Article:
Local News

Death penalty discriminates against men: citizens

By Lewis Kuchineyi 

Some sections of the Zimbabwean society have said the death penalty which currently exists in the country is discriminatory against men, as women are not sentenced to death, no matter the magnitude of the crime.

The submissions came out of the recently held public consultations which were being held across the country.

Director in the Ministry of Justice, Legal and Parliamentary Affairs, Netsai Zvakasikwa speaking on the side lines of the consultations in Gweru confirmed that there is an outcry across the country on the issue.

“Others are also saying the constitution is discriminatory for subjecting only men to death sentences whilst leaving out women who committed a similar crime and some are ok with the current setup,” she said.

Adding to the debate a Gweru based legal practitioner with the Legal Resources Foundation, Shiela Mhlanga said that death sentence should be scrapped as it is motivated by revenge, an eye for an eye which does not have a place in modern day civilisation.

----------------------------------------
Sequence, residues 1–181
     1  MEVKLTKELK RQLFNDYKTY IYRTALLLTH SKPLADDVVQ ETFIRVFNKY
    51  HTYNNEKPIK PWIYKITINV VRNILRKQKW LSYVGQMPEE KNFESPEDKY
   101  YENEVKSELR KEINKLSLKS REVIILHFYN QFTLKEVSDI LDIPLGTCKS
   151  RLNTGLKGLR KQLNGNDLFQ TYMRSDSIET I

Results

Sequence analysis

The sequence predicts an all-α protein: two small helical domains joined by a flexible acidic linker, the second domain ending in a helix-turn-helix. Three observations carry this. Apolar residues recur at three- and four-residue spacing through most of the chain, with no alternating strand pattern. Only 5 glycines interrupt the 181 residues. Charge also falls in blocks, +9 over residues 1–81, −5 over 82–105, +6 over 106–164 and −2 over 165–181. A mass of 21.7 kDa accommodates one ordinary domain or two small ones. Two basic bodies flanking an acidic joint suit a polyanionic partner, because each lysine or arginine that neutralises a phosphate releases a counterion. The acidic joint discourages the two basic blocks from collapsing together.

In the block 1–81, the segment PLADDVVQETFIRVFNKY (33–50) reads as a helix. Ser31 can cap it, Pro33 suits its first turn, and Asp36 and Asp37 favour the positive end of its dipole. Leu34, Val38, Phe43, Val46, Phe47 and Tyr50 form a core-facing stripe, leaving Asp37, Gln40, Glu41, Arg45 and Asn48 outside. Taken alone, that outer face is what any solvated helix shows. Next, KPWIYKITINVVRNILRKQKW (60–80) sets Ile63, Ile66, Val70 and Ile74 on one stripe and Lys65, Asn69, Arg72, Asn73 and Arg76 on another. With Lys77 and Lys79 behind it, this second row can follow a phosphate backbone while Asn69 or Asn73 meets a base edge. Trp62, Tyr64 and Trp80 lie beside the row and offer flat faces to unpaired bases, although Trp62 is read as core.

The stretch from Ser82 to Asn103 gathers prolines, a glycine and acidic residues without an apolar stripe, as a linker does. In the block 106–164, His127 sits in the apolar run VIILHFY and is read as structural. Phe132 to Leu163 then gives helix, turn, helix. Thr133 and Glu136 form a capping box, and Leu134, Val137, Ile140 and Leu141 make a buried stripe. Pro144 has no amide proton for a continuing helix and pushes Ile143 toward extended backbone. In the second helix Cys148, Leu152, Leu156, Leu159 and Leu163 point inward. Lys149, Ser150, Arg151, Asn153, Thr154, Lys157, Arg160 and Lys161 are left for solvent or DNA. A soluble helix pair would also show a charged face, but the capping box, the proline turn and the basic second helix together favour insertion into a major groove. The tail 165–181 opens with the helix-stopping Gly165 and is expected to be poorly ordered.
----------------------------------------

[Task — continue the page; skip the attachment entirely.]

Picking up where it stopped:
“Death penalty is inhuman and vengeance in nature that is driven by emotional reaction. The law is very foreign and harsh for it to be efficient in Zimbabwe. We are geared towards rehabilitation criminals as a country instead of retribution and must focus on transforming criminals into better people,” she said.

Some of the citizens in attendance said that, “People change and there is chance for reform as there are programmes to rehabilitate people in jail.

“There is reason for shifting from ZPC to ZPCS because now the job of prisons is to rehabilitate and correct. So let’s rehabilitate and not kill. Life is a right according to the constitution of Zimbabwe and it is ‘unAfrican’ to kill an offender, murderer, but compensations (kuripa) were the norm,” one of the participants said.

However, another section of the society feels the death penalty must be maintained arguing that, the scrapping of the penalty will see some people killing with impunity.

The consultations were spearheaded by The Ministry of Justice, Legal and Parliamentary Affairs with support from the Centre for Applied Legal Research and the Embassy of Switzerland.

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